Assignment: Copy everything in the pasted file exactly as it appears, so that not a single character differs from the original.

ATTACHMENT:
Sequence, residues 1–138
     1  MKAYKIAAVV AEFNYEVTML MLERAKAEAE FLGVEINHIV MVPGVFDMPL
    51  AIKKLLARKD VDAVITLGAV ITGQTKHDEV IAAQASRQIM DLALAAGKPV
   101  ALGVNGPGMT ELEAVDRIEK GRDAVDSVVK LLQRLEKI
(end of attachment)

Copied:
Sequence, residues 1–138
     1  MKAYKIAAVV AEFNYEVTML MLERAKAEAE FLGVEINHIV MVPGVFDMPL
    51  AIKKLLARKD VDAVITLGAV ITGQTKHDEV IAAQASRQIM DLALAAGKPV
   101  ALGVNGPGMT ELEAVDRIEK GRDAVDSVVK LLQRLEKI